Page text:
In his eight years in office, Democrat John Kitzhaber was less lenient, granting only four of 528 applications—less than 1 percent. But Democrat Barbara Roberts, in her single four-year term, gave pardons to 16 out of 177 applicants—over 8 percent[.]
In addition to the six pardons:
Kulongoski has also commuted two sentences, both affected by Measure 11 [which instituted mandatory sentencing for violent offenders and was sponsored by the Governor] for crimes committed by minors:
David Gene Thomas robbed a corner grocery when he was 17. He was incarcerated until Kulongoski commuted his sentence June 3, 2005, two days before his 25th birthday.
Samihe Damian Zarif was convicted of second-degree robbery at age 15. Kulongoski commuted his sentence Oct. 10, 2003, five months before his 70-month sentence was to end, when Zarif was 20.
Who got the six pardons?
Four of the six are immigrant women who have lived in the state 20-plus years. They are people who, after a relatively minor infraction of the law, faced the threat of deportation to their native countries—or, if traveling abroad to visit family, the likelihood they would not be allowed back into the country each had called home for most of their lives.
One was convicted in 1991 of delivering cocaine. She "was 24, homeless and spoke no English when she accepted an offer to stay at a stranger's house fresh after arriving in Eugene from Mexico. The trouble started when her hosts got a delivery of cocaine. 'The woman who rented the residence was pregnant and did not get around easily,' Morales wrote in her pardon application. 'I offered to go outside and retrieve the drugs for her.' Morales retrieved them from an undercover cop and was arrested. She received probation. Then, in 2001, Morales was mistakenly arrested and charged with possession and intent to deliver meth until her attorney got a video of the drug deal that showed Morales wasn't involved. But even though the charges were dismissed, immigration began deportation proceedings against her and her three daughters based on the 1991 conviction."
A second involved "a 45-year-old native Norwegian, was detained at Seattle-Tacoma International Airport for three weeks in 2003 on her way back to Oregon from Norway. Deportation proceedings began against her after authorities realized she had a 10-year-old drug conviction, when she and her husband were busted with six pot plants. Rein's case stirred The Oregonian's editorial page to implore Kulongoski to keep 'this Oregonian wife and mother in Oregon.'"
The third woman, who was "31, fled Guatemala to Northeast Portland with her family at the age of 6. In 1991, at age 20, she was arrested after trying to steal some clothes from Meier & Frank and some sausages and a video of The Usual Suspects from Cub Foods in Tigard, among other items totaling about $75. When immigration officials began efforts to deport her, they called the attempted thefts 'crimes of moral turpitude.' [She] turned to the pardon process, saying in her application that she had endured years of sexual abuse from family members before the attempted thefts."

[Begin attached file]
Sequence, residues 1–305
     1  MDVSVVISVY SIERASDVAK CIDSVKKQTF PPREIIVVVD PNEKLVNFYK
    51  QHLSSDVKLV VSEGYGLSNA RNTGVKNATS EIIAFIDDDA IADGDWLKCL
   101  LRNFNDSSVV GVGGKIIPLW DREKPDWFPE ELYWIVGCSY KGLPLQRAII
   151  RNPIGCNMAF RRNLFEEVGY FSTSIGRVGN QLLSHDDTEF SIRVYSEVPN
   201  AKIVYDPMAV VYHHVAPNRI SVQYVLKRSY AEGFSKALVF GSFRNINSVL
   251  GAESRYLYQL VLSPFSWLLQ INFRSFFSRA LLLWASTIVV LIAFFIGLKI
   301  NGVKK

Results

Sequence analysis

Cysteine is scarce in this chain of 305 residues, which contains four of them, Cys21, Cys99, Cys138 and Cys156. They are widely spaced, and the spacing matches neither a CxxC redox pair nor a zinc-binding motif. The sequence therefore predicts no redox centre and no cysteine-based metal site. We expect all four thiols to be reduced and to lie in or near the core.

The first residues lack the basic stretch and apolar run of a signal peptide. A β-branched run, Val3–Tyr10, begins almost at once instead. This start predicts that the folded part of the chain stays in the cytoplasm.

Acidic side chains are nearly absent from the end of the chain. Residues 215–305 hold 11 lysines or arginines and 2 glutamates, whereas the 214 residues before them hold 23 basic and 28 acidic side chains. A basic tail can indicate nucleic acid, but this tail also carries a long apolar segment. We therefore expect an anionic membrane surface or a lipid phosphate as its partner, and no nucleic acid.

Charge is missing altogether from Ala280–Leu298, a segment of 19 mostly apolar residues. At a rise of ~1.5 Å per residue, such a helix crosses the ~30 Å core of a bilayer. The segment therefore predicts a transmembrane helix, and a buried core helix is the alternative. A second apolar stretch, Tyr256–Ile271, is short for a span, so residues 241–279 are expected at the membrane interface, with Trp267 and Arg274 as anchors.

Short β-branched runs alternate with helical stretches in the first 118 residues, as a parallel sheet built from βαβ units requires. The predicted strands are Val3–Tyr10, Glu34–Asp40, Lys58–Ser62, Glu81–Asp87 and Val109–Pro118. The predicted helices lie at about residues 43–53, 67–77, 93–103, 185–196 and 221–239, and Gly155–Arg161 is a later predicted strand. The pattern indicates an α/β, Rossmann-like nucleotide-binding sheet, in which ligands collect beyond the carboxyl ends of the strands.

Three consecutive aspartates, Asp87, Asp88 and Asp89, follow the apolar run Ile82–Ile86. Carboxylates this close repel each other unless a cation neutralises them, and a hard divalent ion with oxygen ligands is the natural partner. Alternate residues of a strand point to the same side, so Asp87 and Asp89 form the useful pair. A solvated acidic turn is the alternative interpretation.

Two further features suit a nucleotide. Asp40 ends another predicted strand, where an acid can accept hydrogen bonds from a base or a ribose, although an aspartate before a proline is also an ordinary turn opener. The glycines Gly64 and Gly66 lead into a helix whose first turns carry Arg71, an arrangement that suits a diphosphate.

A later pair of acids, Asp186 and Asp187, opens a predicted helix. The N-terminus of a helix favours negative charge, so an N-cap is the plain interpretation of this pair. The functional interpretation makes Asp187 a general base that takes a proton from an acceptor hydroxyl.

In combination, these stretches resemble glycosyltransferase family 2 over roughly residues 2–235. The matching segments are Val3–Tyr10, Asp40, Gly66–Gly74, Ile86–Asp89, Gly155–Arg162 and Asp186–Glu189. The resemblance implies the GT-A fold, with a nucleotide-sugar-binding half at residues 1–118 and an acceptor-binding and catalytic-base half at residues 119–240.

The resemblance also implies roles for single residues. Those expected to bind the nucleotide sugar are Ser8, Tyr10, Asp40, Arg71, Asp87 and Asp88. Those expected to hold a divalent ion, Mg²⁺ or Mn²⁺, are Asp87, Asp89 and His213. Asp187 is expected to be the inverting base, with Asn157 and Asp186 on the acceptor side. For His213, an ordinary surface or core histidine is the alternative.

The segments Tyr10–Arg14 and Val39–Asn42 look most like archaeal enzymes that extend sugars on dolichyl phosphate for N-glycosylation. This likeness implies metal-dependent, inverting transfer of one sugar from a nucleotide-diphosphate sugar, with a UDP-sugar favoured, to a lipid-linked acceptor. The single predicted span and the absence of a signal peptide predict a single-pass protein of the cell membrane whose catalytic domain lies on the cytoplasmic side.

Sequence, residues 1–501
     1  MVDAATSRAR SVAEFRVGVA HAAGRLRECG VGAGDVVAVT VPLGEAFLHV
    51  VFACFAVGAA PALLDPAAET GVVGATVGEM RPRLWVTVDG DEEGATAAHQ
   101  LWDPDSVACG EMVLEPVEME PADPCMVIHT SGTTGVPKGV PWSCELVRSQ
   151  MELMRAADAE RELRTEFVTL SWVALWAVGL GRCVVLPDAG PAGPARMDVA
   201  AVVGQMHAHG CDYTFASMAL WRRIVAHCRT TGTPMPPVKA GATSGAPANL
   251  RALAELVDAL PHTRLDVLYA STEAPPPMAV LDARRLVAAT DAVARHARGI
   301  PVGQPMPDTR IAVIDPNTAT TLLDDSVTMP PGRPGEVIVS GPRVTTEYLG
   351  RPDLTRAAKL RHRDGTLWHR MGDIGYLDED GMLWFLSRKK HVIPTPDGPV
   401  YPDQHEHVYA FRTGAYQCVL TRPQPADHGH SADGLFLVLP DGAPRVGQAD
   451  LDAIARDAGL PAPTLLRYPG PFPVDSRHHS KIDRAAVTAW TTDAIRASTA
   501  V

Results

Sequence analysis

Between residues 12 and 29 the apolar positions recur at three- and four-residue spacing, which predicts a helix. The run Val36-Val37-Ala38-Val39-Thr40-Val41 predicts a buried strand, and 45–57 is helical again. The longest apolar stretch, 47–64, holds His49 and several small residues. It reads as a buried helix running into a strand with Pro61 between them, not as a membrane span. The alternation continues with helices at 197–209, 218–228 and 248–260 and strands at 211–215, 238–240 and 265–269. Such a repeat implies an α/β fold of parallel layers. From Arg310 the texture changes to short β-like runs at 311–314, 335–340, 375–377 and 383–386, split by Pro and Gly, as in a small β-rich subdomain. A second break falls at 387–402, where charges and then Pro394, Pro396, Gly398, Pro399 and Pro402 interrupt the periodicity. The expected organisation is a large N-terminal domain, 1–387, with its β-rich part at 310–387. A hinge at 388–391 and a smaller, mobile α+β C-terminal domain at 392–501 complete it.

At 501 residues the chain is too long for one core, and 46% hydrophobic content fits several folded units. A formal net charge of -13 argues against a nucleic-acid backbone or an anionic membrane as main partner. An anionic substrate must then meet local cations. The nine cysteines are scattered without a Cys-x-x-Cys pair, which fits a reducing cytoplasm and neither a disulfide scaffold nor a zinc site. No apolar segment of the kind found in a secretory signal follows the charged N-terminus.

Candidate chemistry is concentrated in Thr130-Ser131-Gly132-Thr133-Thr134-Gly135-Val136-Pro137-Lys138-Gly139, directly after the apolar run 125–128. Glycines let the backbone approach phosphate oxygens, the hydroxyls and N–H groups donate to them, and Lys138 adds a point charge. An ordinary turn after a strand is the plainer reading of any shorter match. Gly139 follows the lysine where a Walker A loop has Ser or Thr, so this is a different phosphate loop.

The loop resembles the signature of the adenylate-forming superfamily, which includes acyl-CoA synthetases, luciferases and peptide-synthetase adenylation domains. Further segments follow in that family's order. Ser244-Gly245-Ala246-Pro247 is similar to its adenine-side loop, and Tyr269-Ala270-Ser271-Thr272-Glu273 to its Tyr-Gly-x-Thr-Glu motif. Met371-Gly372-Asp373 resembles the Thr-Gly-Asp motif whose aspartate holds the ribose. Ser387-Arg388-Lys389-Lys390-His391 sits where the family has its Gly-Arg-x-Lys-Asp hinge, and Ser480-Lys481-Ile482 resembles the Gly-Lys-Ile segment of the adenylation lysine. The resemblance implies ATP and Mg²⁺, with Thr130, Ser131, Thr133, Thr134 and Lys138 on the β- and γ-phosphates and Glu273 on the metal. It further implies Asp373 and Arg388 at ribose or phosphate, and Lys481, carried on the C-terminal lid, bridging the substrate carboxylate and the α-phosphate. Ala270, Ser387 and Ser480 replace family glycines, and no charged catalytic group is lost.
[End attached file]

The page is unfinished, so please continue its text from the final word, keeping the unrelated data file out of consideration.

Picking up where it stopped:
The last woman "wanted to go home to Wales to visit her elderly parents," but she knew that she would not be able to return because she was convicted of growing more than 100 marijuana plants in 1987, and was granted a pardon after multiple attempts when "[h]er parents, both in their 80s, were ailing," almost 50 letters of support poured into the governor's office from friends and family of 'Fliss.'"
Two more pardons were granted to native Oregonians:
After repeated applications, one pardon was granted to a woman who
was newly divorced and trying to care for her daughter and dying 92-year-old grandmother. Slowly becoming buried in debt, she couldn't secure the higher-paying legal jobs she was trained for due to her [1989 meth conviction].
The last was a man who had a drug conviction in 1986. He was well connected and barred by law from having a video poker machine in his bar because of his prior conviction. It turns out that a rules change adopted 14 months before he got the pardon would have allowed him to have a video poker machine anyway.
The linked article also sums up data from other Pacific states:
In Washington, former Gov. Gary Locke pardoned 56 people during his tenure between 1997 and 2005. Current Washington Gov. Chris Gregoire has pardoned 11 people in her 2 1/2 years in office. Washington doesn't have statistics for how many applications each governor received.
California Gov. Arnold Schwarzenegger, in office just under four years, has pardoned four people out of what his press office estimates are thousands of applicants.
Personally, I favor statutory, more or less automatic relief from all state and federal collateral effects of criminal convictions for ex-felons who have been crime free for an extended period on the order of ten years or so after incarceration has ended, which are the kind of cases that make up the bulk of executive pardons. This would refocus attention on the cases that matter most, which are questionable convictions, excessive judicial sentences, and true hardship situations for people with relatively recent convictions.